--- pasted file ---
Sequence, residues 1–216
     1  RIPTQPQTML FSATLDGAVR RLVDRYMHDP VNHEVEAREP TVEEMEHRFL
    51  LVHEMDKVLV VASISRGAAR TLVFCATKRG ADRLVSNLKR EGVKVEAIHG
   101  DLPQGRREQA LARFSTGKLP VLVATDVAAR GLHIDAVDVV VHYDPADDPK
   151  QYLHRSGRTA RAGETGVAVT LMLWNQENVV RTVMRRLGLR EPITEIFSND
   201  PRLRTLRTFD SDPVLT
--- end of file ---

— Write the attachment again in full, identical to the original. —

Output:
Sequence, residues 1–216
     1  RIPTQPQTML FSATLDGAVR RLVDRYMHDP VNHEVEAREP TVEEMEHRFL
    51  LVHEMDKVLV VASISRGAAR TLVFCATKRG ADRLVSNLKR EGVKVEAIHG
   101  DLPQGRREQA LARFSTGKLP VLVATDVAAR GLHIDAVDVV VHYDPADDPK
   151  QYLHRSGRTA RAGETGVAVT LMLWNQENVV RTVMRRLGLR EPITEIFSND
   201  PRLRTLRTFD SDPVLT